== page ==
'No sex, drugs and rock'n'roll for me. Just give me a pasty, says comedian Justin Moorhouse'
When: Saturday, March 30, 7.45pm
Where: Hull Truck, Ferensway, Hull
Tickets: £17.50 To book: 01482 323638
Visit: www.justinmoorhouse.com and www.hulltruck.co.uk
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Valid until: Friday, May 31 2013
Radio: Justin has appeared all the national BBC radio stations now, except Radio 1. He even performed on classical music Radio Three as part of a spoken word performance.
Sitcom: He is currently planning a TV version of his Radio Four sitcom Everyone Quite Likes Justin.
Clever: In the 2012 series of Celebrity Mastermind, he was one of the round winners. His chosen specialist subject was Les Dawson
He's the former salesman who parlayed his comic talents into a stand-up career. Ian Midgley discovers why one night in Hull made Justin Moorhouse savour every moment
H ow do you say you used to be a stand-up comedian?
There is nothing sadder, says funnyman Justin Moorhouse, than saying you are an ex-clown.
"It's like saying I used to bring joy and laughter into people's lives but now I'm back doing the package courier sales job," he grimaces. "It would be soul destroying."
That's why, after first dabbling his toe into the world of stand-up comedy at the relatively venerable age of 29, the comic says there was no going back.
Not for him the nine-to-five drudgery of sales targets and cold calling – in a previous life he did sell courier services – now his eye was on the bright lights of the northern comedy club scene.
Thirteen years later and he is still at it.
The clubs may now be bigger and his name may regularly appear on TV and radio shows, but the thrill of performing is still the same.
"I've never looked back," he grins. "Always look forward. It's the best job in the world."
His latest tour, Justin Time – a loose collection of anecdotes and observations laced with bags of northern charm and reams of gags – arrives at Hull Truck on Saturday, March 30.
"The title's deliberately vague so I can talk about anything I want," he says.
"It's basically me on stage with five or six stories and then I just ramble and talk about whatever I want.
"I think so far this tour I've talked about the Olympics, riots, owls, my family, about my daughter training to be a nun at the age of eight and whether I'm a good dad and husband or not. There's a little bit of sex in there too, but not too much. I'm not blue."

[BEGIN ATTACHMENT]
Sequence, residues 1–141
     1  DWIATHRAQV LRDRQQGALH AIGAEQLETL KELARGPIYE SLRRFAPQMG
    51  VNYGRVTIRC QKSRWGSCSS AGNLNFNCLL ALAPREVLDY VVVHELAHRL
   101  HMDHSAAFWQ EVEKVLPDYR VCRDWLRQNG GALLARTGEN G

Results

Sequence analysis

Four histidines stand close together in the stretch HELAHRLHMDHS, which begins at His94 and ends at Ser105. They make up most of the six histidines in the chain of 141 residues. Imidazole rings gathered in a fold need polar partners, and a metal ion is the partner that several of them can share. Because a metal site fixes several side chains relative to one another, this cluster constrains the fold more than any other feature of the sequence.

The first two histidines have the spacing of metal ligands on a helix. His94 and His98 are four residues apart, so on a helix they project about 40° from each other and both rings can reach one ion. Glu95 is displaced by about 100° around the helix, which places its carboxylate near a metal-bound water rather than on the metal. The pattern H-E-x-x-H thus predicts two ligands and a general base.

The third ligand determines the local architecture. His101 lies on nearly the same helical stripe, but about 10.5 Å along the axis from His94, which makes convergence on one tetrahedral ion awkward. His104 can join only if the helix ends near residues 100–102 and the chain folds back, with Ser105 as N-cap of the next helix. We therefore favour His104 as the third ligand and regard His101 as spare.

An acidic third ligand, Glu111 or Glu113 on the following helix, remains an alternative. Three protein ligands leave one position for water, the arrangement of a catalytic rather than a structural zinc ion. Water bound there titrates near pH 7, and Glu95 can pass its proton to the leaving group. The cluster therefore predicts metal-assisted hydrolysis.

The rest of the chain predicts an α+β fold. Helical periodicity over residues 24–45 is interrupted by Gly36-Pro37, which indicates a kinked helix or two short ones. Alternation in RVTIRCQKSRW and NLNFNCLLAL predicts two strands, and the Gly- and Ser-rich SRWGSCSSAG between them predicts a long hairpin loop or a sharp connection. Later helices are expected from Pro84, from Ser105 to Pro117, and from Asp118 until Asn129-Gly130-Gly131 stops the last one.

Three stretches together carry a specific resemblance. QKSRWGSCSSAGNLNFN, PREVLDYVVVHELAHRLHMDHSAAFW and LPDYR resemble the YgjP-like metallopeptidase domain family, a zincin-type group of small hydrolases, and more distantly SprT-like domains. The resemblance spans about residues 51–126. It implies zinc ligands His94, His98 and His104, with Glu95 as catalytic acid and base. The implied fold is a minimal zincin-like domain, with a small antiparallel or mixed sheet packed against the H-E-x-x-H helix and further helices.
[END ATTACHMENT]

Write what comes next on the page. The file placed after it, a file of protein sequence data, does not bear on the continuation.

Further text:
The Mancunian comedian says he is looking forward to being back in Hull – a place where he reached a major epiphany when he played the old Truck theatre, in Spring Street, years ago.
"I don't want to get too deep in the Hull Daily Mail," chuckles the comic, who first leapt to public prominence in Peter Kay's Phoenix Nights playing Young Kenny – spending most of the series with a tiger stenciled on his face.
"But I remember playing Spring Street and having a really great night. Everybody loved it. We had a cracking time.
"Then at the end of the show I was out back having a fag, and everyone was getting their cars, saying 'night mate, great show'.
"I was really buzzing, really on a high. There's nothing like being on that stage and carrying the whole room with you. I'd imagine it's the same for anyone in showbusiness, whether you're a comedian, a rock star or whatever.
"Then the stage manager comes to me and says 'everyone's gone now, you can get your stuff off the stage now if you like.'
"So, I went in and the place was completely empty – and that's when it hit me; that crash you feel after coming off stage on a high and there just being emptiness. It was the worst I'd ever had it.
"That's why rock stars try to fill that void with drink and drugs, and sex, they're trying to recreate that feeling, that high.
"That's when I realised this whole thing is so transient – it's here one minute and gone the next. You've just got to enjoy it while you can.
"Luckily I had to drive home that night, because if I'd been in a hotel I would probably have hit the bottle.
"As it was, I just stopped off at a service station on the M62 and bought a pasty.
"No sex and drugs and rock'n'roll for me. Give me a cheese and onion Ginsters any day."